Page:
Reforming the Security Sector in Tunisia and Libya

Bob Perito

Bob Perito, director of USIP's Security Governance Center of Innovation, recently returned from Tunisia and Libya, where he met with police, military and government officials to examine the current status of the security sector in each country.

February 7, 2012 

Bob Perito, director of USIP's Security Sector Governance Center of Innovation, recently returned from Tunisia and Libya, where he met with police, military and government officials to examine the current status of the security sector in each country.

Why is Security Sector Reform (SSR) important in North African countries impacted by the Arab Spring?

Security Sector Reform refers to the manner in which governments manage the transition of their defense and interior ministries and military and police. In transitions to democratic rule, SSR involves establishing civilian oversight by empowering a country’s elected leaders, parliament and ministries to manage their operational security and intelligence services. For North African countries that participated in the Arab Spring, it is essential to replace authoritarian regimes with elected governments that are capable of transforming their security sectors through a democratic process. This is a top down enterprise starting with institutional reform and ending with the training and equipping of personnel.  

It is not an easy task. SSR is a political process that creates winners and losers and inevitably results in ‘pushback,’ when those accustomed to power resist change.  In North Africa, we are witnessing this process in action. The progress achieved differs by country as, for example, between the neighboring states of Tunisia and Libya.  

What is the central challenge to establishing SSR in Tunisia? 

One year after the revolt that launched the Arab Spring, Tunisia continues to set the regional standard for progress toward democratic reform. In October, a democratic election selected a National Constituent Assembly that is drafting a constitution. The country’s small, U.S.-trained army supported the revolution and enjoys popular support. The challenge will be reforming the interior ministry and the police, which were the tools of repression for the previous regime. Efforts by the new interior minister to exert control over the police have been met with a mix of belligerence and passive resistance. The filing of criminal charges against a senior police official accused of shooting demonstrators resulted in a show of force to intimidate the court and a strike by 12,000 police who were loyal to the accused. A roundup of criminals in the capital produced complaints from the police who were uncertain of their authority and feared legal prosecution or retaliation from armed citizens. Many Tunisians want revenge for the police killings of demonstrators, but Tunisians also see the need for police and know they cannot punish the entire force. The solution appears to be a process of transitional justice and institutional reform that would remove the worst offenders and the transition of the remainder into a professional accountable police force.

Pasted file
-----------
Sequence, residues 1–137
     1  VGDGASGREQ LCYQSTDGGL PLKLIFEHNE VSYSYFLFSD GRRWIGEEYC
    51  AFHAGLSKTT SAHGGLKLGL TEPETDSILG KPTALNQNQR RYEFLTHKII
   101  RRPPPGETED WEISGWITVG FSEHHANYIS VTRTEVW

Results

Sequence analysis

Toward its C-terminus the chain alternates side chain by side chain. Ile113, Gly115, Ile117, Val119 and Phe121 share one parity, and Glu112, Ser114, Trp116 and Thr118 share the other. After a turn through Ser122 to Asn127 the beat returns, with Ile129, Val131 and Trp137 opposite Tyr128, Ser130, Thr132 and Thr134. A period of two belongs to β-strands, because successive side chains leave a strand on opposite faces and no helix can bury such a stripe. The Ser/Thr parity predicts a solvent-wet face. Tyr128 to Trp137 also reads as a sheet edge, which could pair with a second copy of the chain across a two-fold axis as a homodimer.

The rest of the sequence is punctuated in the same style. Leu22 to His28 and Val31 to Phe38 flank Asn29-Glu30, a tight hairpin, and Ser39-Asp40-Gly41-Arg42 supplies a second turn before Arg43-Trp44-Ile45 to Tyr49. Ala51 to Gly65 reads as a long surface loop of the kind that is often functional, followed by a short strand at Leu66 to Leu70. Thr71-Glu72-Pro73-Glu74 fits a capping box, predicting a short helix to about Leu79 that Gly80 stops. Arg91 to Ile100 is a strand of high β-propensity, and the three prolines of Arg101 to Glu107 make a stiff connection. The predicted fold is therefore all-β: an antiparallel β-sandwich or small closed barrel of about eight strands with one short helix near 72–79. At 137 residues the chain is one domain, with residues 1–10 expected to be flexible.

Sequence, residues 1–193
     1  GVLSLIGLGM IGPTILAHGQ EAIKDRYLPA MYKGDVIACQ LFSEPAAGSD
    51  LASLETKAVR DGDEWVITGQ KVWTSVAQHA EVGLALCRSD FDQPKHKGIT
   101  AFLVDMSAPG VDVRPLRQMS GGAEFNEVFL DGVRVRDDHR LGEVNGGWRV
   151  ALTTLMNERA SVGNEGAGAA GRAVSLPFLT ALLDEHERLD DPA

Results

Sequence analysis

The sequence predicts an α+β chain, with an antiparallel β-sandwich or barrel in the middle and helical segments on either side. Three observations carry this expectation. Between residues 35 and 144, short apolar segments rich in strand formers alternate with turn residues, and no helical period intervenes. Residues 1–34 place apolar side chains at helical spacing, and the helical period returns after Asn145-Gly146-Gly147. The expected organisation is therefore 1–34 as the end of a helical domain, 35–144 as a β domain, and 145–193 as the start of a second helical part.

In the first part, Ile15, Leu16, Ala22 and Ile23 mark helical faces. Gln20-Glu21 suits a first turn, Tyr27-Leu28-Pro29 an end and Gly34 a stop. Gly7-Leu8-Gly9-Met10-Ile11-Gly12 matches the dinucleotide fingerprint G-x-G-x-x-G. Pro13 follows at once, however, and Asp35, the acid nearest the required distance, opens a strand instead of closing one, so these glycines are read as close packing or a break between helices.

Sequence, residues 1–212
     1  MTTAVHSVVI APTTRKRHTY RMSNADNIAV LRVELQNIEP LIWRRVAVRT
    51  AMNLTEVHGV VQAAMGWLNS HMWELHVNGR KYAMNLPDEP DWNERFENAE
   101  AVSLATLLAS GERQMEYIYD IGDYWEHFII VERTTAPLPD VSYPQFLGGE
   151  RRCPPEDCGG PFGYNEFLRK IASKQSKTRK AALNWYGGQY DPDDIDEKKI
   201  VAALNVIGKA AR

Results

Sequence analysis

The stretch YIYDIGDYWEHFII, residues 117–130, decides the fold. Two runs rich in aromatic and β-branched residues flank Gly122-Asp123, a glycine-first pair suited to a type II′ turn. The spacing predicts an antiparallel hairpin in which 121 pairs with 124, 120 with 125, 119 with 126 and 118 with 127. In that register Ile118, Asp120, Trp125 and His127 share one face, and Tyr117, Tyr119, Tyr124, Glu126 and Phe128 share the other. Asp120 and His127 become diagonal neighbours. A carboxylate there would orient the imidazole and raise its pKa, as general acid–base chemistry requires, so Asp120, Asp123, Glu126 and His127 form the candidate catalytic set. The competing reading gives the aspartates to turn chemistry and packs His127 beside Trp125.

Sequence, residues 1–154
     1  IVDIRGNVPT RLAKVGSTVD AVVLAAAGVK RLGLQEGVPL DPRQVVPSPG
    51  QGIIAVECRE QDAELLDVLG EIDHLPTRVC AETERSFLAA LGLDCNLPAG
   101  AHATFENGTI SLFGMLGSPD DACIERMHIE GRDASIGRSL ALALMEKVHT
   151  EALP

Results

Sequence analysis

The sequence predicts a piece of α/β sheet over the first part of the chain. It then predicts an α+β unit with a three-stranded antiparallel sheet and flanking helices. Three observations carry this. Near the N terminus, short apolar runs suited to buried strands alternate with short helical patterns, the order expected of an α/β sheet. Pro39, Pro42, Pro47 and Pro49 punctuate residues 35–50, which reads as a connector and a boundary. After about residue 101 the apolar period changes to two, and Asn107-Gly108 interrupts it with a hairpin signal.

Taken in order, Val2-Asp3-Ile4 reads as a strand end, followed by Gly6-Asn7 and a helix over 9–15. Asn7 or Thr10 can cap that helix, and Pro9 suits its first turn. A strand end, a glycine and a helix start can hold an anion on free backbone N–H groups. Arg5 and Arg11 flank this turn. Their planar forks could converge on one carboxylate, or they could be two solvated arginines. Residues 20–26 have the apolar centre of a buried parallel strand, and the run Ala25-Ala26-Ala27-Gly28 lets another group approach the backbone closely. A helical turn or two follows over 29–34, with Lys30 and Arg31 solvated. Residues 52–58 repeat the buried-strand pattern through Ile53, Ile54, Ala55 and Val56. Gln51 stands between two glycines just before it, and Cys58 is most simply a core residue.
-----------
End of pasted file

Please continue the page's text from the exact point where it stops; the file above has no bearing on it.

Is security the immediate priority in Libya? 

Across Libya, towns and cities are controlled by revolutionary armed groups that fought against Qaddafi. In Tripoli, the most important of these groups control various neighborhoods and owe little allegiance to the Transitional National Council (TNC) that is trying to run the country. On February 1, former rebels from the towns of Misrata and Zintan exchanged gunfire in downtown Tripoli, another of the sporadic flare-ups that rattle residents in the capital. On January 24, an armed group in Bani Walid, once a bastion of support for Qaddafi, forcibly expelled a Libyan army contingent sent there by the TNC to establish its control. In Beghazi, where the revolution began, committees composed of former rebels and police maintain order. 

For Libya, the security challenge is to transform these disparate groups into national military and police forces responsible to the central government. This will require significant capacity building in the defense and interior ministries and the transition of rebel fighters into retrained and reequipped military and police forces. This is a long-term prospect. In the interim, the former rebels say they will not give up their arms and return home until the goals of the revolution are achieved.

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  • Security Sector Governance Center
    USIP's Security Sector Governance Center focuses on a critical element of sustainable peace: developing security forces and supervising institutions that are effective, legitimate, apolitical, and accountable to the citizens they are sworn to protect.
February 7, 2012